Two nights of riot mayhem this week are a “wake-up call” for Northern Ireland, PSNI chief constable Matt Baggott has warned.
Speaking as First Minister Peter Robinson and deputy First Minister Martin McGuinness pledged to work to try to prevent a repeat of the violence in east Belfast, the police chief spoke of his sadness that the province was taking “two steps forward and one step back”.
It is understood Mr Robinson yesterday met UVF leaders as part of efforts to maintain calm. After briefing the Policing Board on details of the flashpoint flare-up, Mr Baggott also claimed dialogue is key to avoiding a summer of trouble and tension.
He said: “We should recognise that in some places the peace is fragile and it's a wake-up call to us all to redouble our efforts to make Northern Ireland the safe, prosperous place everybody wants.”
With a senior civil servant tasked with investigating the problems in east Belfast, First Minister Peter Robinson said the focus was on avoiding a repeat of the chaos which damaged the reputation of the province in the week of golfer Rory McIlroy’s US Open triumph.
“Where there are genuine concerns, we want to help,” he said. “We represent and care about this whole community and we want to hear what it has to say.”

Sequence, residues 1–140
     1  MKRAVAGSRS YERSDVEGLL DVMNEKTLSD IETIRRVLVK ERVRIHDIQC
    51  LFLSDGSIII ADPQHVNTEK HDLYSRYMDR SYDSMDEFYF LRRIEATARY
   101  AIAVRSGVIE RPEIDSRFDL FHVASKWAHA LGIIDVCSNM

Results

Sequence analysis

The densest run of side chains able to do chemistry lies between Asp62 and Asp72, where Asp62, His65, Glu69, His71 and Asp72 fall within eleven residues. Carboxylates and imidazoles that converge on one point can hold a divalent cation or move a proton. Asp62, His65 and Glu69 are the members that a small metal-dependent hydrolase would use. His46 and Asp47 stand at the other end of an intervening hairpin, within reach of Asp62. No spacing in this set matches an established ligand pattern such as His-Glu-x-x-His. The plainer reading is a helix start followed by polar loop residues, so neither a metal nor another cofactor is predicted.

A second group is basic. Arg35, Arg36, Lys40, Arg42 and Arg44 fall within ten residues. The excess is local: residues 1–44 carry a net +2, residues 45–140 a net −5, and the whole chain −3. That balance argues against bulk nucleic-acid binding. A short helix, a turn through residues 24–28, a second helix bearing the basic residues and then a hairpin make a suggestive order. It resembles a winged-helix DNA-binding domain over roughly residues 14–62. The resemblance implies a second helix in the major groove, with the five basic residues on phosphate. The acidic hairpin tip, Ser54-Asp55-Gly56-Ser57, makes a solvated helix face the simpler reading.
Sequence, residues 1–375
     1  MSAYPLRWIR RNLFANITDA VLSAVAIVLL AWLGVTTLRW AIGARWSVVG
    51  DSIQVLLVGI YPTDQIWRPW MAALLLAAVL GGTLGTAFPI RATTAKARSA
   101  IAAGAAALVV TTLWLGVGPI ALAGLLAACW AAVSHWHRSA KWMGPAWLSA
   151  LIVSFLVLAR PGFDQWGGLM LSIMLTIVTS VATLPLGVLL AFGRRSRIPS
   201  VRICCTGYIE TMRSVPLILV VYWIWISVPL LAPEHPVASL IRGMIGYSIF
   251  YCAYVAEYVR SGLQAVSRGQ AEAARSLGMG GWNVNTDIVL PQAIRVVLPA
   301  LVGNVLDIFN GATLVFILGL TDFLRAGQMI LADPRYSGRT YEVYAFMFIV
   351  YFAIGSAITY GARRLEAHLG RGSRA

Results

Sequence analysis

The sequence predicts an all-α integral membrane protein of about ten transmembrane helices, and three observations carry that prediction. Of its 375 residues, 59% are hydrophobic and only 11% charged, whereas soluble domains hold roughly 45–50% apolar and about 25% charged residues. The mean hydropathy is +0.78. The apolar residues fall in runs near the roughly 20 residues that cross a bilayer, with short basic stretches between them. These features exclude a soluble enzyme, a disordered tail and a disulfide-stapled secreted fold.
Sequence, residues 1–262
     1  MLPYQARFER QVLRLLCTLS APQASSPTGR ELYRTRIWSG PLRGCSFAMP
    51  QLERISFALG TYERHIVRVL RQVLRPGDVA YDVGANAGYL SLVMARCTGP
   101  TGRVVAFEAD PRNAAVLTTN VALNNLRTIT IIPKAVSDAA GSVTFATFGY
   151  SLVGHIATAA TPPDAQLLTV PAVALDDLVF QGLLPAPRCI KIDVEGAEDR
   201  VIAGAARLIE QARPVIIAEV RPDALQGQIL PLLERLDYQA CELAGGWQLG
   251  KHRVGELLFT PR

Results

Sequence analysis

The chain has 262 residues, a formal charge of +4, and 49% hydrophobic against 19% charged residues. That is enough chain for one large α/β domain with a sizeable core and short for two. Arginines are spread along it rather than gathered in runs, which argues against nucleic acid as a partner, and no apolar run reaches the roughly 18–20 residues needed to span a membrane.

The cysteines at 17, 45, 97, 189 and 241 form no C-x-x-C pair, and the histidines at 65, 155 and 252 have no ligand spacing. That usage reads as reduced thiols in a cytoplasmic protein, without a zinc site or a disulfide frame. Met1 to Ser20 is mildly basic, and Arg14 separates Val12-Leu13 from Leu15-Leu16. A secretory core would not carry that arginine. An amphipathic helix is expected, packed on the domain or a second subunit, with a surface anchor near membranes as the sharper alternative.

It is understood that around 100 people attended a heated public meeting last night in east Belfast to discuss the area’s problems.
Some criticised Mr Robinson and East Belfast MP Naomi Long for not appearing.
Mr McGuinness echoed the First Minister’s determination in vowing to “lead the charge against the force of destruction”.
He said: “I am heartened by the forces of positivity in every section of our community and that they will work with us to ensure we never see a repeat of these unacceptable scenes.”
Mr Baggott also confirmed police are investigating post-ceasefire activity by the UVF, which has been blamed for sparking the two nights of trouble.
The group has also been supported by its political advisers, the Progressive Unionist Party, in opposing a probe by the Historical Enquiries Team.
But rejecting claims of HET one-sidedness, Mr Baggott insisted: “I know there's a perception that somehow they are biased, but they absolutely are not.”
A second man has been arrested following the east Belfast riots.
Detectives questioned the 28-year-old from west Belfast yesterday.
Story so far
Monday — nationalist and loyalist crowds clash as masonry, petrol and paint bombs are hurled at police. Water cannons brought in. Two people injured by gunfire. Police blame UVF.
Tuesday — crowds gather at the same interface as masked youths attack police vehicles with sledgehammers. Press photographer shot in thigh by gunfire thought to have come from dissident republicans.
Wednesday — after hours of talks involving politicians, church and community leaders and paramilitary representatives, a senior official is appointed to initiate talks likely to lead to a ‘task force’ in the area.
He is the man with the power to bring hundreds of masked supporters onto the street overnight. It was his command that this week led to open warfare in east Belfast between loyalists and republicans armed with guns, petrol bombs and blast bombs.